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Data Scientist Part II: Regulatory Overload

As compliance deadlines continue to stack up, GoldenSource explains why the data scientist is playing an increasingly vital role in ensuring financial institutions avoid heavy fines…

In the ongoing discussion about the need to use data to increase business value, it is imperative to substantiate the argument with practical, real-world use cases.

Otherwise, the debate becomes just another line of marketing waffle around big data – an area already suffering from too much hype.

The reality is that before financial institutions look at data to inform their decision making, they need to analyse the business challenge.

In an era where compliance is king, there are a few key questions that senior executives need to answer: how do I ensure my firm doesn’t get fined? And how does my firm meet every single piece of legislation point by point?

From FTT, to EMIR/MiFID I/II, regulations have been coming thick and fast since 2008.

The problem is that if financial institutions tackle each regulation in insolation, they will build up disparate pockets of data. These various data sets are likely to be scattered across the organisation and inconsistent with one another. The first step is making sure you have all this information standardised and accessible from a single location. This should enable you to gather all the data needed to help address any given regulatory challenge.

This is an important stage but the tricky second part is finding someone to make sense of what is going on.

Who is coming up with the right data at the right time to enable a firm to comply with the latest requirement? This is where the analytical mind of the data scientist comes into play. Whether it’s defining standards such as data dictionaries, seeking out the key relationships between data sets, or supporting proper data discussions within multiple projects, the data scientist is best placed to establish a companywide capability to deliver compliance-critical information to the business.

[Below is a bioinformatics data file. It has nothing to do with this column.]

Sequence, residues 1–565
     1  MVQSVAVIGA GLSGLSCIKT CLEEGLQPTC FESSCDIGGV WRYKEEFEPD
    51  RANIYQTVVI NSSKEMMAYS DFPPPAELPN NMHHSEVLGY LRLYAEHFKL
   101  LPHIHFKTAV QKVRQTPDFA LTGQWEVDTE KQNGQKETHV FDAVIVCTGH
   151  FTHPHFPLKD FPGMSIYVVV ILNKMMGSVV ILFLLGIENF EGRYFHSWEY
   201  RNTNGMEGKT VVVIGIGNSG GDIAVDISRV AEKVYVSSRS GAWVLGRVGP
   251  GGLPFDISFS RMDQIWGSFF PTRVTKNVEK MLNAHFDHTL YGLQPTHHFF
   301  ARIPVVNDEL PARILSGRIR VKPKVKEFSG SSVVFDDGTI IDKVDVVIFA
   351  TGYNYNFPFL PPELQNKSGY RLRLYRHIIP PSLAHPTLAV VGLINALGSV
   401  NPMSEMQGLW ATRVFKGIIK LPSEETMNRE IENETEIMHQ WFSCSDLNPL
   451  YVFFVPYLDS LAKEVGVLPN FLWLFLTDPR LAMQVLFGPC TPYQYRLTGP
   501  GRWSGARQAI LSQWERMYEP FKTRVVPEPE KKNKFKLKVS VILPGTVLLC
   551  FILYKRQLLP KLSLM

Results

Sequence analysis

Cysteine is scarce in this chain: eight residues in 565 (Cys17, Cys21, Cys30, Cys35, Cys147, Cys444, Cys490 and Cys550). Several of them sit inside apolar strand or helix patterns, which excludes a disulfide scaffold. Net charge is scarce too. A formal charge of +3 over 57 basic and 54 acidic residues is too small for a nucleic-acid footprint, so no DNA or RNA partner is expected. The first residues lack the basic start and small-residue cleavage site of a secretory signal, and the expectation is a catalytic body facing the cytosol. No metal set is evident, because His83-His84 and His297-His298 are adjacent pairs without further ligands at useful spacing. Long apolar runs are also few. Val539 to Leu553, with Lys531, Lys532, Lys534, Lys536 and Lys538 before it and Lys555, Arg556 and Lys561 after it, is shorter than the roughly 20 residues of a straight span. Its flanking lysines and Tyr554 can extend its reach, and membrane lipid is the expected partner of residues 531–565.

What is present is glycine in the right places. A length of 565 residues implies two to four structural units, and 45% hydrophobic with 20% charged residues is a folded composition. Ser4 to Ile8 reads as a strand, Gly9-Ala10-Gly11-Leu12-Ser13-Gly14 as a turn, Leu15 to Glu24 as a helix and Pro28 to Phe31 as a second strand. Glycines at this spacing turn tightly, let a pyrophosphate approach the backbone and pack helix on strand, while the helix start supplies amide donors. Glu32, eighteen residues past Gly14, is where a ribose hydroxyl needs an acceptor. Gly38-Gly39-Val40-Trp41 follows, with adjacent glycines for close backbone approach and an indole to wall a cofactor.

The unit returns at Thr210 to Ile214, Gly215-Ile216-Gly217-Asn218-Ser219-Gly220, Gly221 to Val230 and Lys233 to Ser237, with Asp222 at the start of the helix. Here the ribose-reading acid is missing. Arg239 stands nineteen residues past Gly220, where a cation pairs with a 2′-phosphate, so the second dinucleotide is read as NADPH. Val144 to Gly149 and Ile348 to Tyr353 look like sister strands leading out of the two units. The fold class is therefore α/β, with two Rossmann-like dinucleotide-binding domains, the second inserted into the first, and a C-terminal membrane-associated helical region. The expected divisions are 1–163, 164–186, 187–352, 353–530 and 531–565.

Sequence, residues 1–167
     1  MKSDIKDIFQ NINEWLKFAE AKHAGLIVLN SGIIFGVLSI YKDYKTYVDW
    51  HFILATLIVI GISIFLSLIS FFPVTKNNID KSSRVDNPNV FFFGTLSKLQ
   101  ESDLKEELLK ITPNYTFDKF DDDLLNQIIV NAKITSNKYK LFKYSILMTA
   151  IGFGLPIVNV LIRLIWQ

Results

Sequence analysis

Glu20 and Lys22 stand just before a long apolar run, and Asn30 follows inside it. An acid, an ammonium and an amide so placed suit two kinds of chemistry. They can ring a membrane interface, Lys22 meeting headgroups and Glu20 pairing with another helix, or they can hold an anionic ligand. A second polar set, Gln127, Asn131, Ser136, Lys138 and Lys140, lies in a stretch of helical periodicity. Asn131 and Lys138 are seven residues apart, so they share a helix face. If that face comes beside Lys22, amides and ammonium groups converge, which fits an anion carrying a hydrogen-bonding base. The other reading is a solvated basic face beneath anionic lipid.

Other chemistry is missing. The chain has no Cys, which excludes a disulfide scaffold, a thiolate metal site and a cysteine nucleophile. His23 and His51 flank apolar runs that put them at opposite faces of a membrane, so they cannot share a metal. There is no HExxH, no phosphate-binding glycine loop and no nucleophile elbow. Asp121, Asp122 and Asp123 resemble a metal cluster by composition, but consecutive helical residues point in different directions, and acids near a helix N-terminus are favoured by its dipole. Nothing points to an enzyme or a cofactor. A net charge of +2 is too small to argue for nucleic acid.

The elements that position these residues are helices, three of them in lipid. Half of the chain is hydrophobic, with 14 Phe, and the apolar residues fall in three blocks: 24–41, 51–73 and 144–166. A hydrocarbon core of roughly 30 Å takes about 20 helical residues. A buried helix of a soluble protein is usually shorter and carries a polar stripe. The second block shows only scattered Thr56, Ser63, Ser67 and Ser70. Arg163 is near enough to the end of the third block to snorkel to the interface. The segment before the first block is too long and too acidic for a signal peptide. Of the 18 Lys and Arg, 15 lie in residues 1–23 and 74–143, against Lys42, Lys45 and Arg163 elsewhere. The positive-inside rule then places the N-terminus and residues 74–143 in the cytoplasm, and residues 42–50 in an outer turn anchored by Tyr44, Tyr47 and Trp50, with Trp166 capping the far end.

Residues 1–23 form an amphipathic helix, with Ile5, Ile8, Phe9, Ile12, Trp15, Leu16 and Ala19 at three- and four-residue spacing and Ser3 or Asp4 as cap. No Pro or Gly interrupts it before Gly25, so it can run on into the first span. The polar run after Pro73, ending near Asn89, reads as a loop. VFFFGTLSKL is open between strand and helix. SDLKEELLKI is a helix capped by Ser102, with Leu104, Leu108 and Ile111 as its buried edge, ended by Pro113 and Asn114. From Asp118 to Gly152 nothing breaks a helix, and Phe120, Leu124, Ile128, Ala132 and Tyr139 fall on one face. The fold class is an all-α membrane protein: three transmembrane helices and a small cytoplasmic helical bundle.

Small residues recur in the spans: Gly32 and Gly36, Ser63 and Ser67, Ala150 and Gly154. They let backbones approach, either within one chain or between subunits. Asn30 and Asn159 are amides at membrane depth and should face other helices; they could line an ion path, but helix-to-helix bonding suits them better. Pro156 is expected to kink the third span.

Take the world of derivatives.

A major bank will have an internal CRM system, which it could be using to help identify what products they can sell to existing clients. In a market where regulation has forced OTC contracts to trade over exchanges, this is no easy task. Banks need to know if their clients qualify under EMIR in order to be able to trade with them. By analysing key client information around EMIR, data scientists can inform the business about the right clients to target with new derivatives products.

In addition to advising on how best to use data around compliance laws, the data scientist can play a role in addressing the simple-sounding but highly complex challenge of party identification. This involves assembling company information, legal entity identifiers and subsidiary relationships. Once assembled, a financial institution can assess whether an entity one department it is trading with has any relationship to another entity which a different line of business is on-boarding. This is all for the purposes of defining trading limits, measuring exposure, and properly aggregating information for top-level regulatory reports.

As deadlines come and go, there has never been a better time for the role of the data scientist to come into its own.

The more data you have around regulation, the more relationships can be found to make accurate predictions in order to create further revenue opportunities. With industry responses to regulatory measures just around the corner, financial institutions that liberate the position to enable them to avoid financial penalties today, could well see new revenue streams emerge in the future.

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